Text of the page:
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    7. So I, watching this back-and-forth with no opinion on most of it since I haven’t touched a new X-comic in probably over ten years now, then I get to this —

      Obviously, when Moira is, say, examining Phoenix on Muir Island in issue #125, we know now that she's doing so having lived 10 previous lives and is in the midst of secretly orchestrating events to ensure the best possible outcome for mutantkind…”

      — and I’m suddenly thinking “Holy cow, this sounds almost as awful and ill-conceived as DEADLY GENESIS!”

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    8. @Matt: The House of X/Dawn of X stuff is not without its faults, but it is VASTLY more interesting and well-executed than DEADLY GENESIS (as you well know, any plotline stated matter-of-factly enough can sound ridiculous).

      That said, just based on what I've come to know about your tastes from comments here and your own writing, I would not recommend you check out the Hickman X-Men stuff. It's definitely not your cup of tea. :)

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    9. Thanks for looking out for me! Obviously I'm sure there's more nuance to it than what you described, but it's just that sort of ret-con that drives me nuts. Professor X forming a team of X-Men between pages of GIANT-SIZE #1 feels completely forced and unnatural, as does the idea that a character who was known to be human for the entirety of her existence, and who has been dead for 20 years now, turns out to be basically an immortal mutant.

      But again, I haven't read the story, so I can't really judge. I'm sure it's well-written. People seem to love Jonathan Hickman. I might even look at it on Marvel Unlimited, if I can suffer through those horrible lower-case letters. But everything I've read about it (not just the Moira stuff, but Krakoa, Apocalypse as an X-Man, and so forth) just sounds awful to me.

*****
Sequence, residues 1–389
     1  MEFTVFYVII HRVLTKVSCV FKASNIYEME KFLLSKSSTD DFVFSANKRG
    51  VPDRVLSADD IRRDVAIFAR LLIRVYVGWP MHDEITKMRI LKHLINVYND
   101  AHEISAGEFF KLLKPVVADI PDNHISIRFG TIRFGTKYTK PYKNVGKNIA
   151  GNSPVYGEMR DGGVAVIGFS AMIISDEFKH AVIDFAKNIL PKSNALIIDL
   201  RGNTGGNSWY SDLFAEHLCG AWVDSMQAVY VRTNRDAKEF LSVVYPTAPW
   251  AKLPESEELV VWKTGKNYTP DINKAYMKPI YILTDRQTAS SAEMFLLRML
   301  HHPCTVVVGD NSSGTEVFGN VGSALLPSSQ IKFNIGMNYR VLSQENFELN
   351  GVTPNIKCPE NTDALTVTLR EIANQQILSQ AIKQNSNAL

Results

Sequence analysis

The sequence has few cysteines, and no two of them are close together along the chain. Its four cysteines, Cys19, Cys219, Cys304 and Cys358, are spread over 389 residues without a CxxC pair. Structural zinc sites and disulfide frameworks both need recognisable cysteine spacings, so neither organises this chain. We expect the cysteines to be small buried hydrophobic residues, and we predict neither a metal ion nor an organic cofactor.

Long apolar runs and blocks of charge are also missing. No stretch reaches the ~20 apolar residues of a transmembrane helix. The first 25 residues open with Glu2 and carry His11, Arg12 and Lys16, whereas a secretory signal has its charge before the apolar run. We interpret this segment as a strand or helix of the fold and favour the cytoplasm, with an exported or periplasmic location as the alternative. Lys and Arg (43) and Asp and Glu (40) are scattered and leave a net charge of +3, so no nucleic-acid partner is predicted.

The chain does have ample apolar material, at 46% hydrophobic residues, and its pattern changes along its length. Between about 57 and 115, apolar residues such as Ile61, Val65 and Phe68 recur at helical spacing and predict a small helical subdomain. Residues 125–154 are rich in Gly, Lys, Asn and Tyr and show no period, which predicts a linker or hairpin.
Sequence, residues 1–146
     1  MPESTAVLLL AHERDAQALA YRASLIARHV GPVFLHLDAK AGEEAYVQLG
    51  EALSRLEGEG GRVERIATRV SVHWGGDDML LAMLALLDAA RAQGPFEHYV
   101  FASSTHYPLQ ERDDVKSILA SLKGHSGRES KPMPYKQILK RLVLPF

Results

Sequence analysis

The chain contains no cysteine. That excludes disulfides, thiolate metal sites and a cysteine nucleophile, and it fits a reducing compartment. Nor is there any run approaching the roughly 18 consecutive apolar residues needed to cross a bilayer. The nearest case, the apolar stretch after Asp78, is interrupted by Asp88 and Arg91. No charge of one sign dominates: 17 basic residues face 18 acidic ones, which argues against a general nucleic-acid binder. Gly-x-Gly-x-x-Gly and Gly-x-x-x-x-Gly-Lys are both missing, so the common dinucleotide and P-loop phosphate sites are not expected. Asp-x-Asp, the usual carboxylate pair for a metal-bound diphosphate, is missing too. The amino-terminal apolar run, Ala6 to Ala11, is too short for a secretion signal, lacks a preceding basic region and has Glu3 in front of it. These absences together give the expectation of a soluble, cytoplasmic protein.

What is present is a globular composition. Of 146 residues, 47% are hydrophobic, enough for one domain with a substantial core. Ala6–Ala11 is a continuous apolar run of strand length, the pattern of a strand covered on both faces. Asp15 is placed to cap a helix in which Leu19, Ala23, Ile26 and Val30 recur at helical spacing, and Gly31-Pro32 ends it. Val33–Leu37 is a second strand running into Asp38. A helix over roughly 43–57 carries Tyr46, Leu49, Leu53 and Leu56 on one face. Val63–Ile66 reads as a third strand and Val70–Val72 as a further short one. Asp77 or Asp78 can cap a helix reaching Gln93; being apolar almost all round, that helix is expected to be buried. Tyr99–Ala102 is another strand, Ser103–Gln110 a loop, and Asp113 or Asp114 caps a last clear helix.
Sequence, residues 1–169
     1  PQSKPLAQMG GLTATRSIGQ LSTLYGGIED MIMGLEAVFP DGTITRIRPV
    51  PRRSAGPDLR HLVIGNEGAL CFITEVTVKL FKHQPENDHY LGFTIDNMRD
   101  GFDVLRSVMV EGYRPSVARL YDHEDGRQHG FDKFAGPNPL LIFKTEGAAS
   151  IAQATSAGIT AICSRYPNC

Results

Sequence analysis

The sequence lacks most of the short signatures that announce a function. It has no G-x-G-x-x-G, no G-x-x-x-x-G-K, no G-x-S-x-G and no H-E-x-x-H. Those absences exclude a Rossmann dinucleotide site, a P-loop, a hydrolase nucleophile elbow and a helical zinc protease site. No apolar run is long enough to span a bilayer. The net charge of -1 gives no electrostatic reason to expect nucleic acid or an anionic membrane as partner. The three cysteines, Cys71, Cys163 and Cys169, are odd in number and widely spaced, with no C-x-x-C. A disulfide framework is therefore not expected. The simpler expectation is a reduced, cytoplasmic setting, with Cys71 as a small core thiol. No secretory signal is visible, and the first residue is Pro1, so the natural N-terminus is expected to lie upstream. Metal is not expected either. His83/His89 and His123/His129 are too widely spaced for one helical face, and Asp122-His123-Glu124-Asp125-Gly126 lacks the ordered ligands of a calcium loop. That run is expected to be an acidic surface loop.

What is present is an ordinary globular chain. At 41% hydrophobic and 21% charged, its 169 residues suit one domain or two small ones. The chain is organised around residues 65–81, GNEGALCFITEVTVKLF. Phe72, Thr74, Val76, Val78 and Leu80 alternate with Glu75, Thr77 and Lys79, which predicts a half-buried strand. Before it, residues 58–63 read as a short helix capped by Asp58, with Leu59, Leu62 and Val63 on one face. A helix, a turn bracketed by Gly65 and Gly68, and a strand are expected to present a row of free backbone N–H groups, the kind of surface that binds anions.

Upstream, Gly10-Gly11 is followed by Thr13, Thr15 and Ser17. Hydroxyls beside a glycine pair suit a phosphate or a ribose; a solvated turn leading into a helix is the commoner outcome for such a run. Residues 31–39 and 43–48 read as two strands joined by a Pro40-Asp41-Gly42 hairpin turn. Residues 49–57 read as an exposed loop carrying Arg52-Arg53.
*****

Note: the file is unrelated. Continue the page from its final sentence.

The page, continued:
Though I've observed before that the era of X-Men you're reviewing now was the greatest as far as I was concerned when I was a teen, and I couldn't understand why older fans who had grown up in the 60s, 70s, and 80s ragged on it so much. But now I'm one of those older fans, and I find myself in that same role as regards the current material. I guess it's the circle of life or something!

      (I'm also pretty closed-minded about what I want from entertainment at this point in my life, which I fully recognize and acknowledge.)

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    10. Austin you point out Moria would look at Phoenix different in issue 125 but she showed Xavier her mind when they first meet, meaning Xavier knew all of this before issue 1 of X-Men. He would know to talk to Magneto before he forms the brotherhood and show him what he saw. He would prevent all of the terrible things to happen to many of the X-Men. For example, would he allow Magik to still be captured as a 14 year old girl if he knew it was going to happen? If so, that's terrible, so how is she the older Magik in the series?

      Same goes with the Brood egg that implanted him and he formed the New Mutants because of it. He would know about that beforehand. He would also know about how Jean woudl die and get the Phoenix. I don't think any of this would happen if you knew and changed the most basic of things earlier on like getting Magneto on his side to start. We know that Sinister and Apocalypse never did their things so how did Warren become Archangel?

      I don't know if you read DC's 52 when it launched but almost all of their books reset to a certain degree except for Green Lantern. It almost continued exactly how it was before and it made no sense why that happened.